The Sun Devils allowed the game to remain close for a good portion of the first half, but a late run before halftime extended the score to a sizable Arizona State lead that carried over to another good shooting second half, and an 88-60 win.
On the surface this was just another blowout win for ASU with a few hiccups along the way. However, it turned into a record setting day when Jordan Bachynski recorded his fourth block of the game and his 192nd block in school history to break the all-time school record held by Mario Bennett.
Bachynski said he was not aware he had broken the record until Coach Eric Musselman informed him in the huddle. “Congratulations, you beat the ASU record. This is no small school great players have played here,” Bachynski quoted of Musselman’s compliments.
Early on ASU was committed to the often challenging task of entering the ball into the post when the opposing team is defending with a zone. Idaho State’s zone seemed as if it was wavering back-and-forth between a 2-3 and 3-2 for the majority of the game’s duration. Partially because the ASU wingmen were playing far up on the wing, which meant the Bengals’ defenders were sagging up from their position on each of the blocks to compensate.
The commitment to post entry is encouraging because yes, that specific pass can be a trial but that is what these early season games are for, working on areas a team can improve on.
Aside from his record setting day with his defensive hands Bachynski benefited from the offensive game plan in the first half with eight points and nine rebounds in the first half.
Four of those boards came on offense midway through the first half which was a huge catalyst to the Sun Devils’ half ending run.
Bachynski attributed his aggression to the coaching staff’s direction saying, “It’s a mentality.”
The score opened up in Arizona State’s favor for good with about three and a half minutes left until halftime. The half was capped off by a Shaquielle McKissic and-one with 39.7 seconds remaining.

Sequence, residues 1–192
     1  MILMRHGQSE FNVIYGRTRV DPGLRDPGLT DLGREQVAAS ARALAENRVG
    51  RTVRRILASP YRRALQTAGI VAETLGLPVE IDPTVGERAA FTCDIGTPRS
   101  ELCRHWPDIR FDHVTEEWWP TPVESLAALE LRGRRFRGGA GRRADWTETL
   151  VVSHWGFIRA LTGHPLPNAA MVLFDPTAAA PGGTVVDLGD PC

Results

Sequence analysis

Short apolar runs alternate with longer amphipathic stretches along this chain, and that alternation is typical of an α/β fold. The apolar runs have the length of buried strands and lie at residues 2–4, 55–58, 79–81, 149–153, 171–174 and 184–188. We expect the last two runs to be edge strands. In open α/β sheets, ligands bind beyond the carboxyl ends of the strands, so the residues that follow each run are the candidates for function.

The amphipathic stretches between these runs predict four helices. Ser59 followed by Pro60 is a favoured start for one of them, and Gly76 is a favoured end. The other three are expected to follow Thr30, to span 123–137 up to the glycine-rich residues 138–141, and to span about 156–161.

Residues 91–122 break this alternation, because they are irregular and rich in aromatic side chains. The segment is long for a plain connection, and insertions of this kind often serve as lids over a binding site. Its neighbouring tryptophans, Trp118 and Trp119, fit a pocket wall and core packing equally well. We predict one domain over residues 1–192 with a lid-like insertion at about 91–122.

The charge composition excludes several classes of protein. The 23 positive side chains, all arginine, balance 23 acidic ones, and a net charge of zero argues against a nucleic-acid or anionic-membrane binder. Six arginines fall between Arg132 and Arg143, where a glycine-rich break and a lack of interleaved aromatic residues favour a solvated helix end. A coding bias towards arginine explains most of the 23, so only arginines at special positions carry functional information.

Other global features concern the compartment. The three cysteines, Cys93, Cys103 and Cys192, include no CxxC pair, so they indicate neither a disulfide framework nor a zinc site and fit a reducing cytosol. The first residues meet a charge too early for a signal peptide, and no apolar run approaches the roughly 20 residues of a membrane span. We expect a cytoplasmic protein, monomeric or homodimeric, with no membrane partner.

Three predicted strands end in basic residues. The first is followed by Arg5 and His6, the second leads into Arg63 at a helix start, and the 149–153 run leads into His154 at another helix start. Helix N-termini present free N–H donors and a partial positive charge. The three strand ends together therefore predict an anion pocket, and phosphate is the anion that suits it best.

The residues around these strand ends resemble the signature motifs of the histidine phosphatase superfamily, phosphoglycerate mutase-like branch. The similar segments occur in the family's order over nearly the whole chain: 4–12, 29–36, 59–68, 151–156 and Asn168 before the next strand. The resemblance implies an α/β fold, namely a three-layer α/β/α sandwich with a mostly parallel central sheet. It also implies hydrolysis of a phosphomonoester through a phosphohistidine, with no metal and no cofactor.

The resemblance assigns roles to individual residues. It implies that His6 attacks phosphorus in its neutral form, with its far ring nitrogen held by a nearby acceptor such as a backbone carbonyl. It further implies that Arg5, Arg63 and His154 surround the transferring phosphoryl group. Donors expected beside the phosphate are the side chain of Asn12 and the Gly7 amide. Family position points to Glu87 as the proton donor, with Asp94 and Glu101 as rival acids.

Then a thunderous dunk that cannot properly be describe in word form after the Sun Devils passed the ball around the perimeter until it reached McKissic in the right corner, the shooting guard jab stepped his defender and beat him to the basket the way a big school player should against a smaller Idaho State opponent.
That half ending dunk put the Devils up 41-25, and they did not look back.
Another ASU basketball big picture theme was well embodied in one play Friday night.
Jahii Carson’s presence is mistaken by no one, but it is quite apparent how much support he has had around him on the court to this season’s point.
Carson had five points in the first half of play, then shifted gears after halftime and scored another 14. “He’s doing what great players do he’s helping guys be better,” Sendek said.
The big picture theme came with a little over 12 minutes to go in the second half when Carson threw a turnover into the Idaho State zone. Moments later the defender who caught the ball had it poked out of his hands by Egor Koulechov, who also received praise from Sendek after the game.
“He’s around the ball that’s a great way to say it,” Sendek said of Koulechov’s hustle. “He has a knack for it.”
After freeing the ball loose Koulechov then dove onto the hardwood to secure the steal. After which, the transfer player passed the pall to Carson on the wing, who then sunk in a three-pointer.
These games against mid-major schools should always be taken with a grain of salt but the aid Carson is receiving and as a result allowing him to pick and choose the spots where he shines should not be cast to the curb either.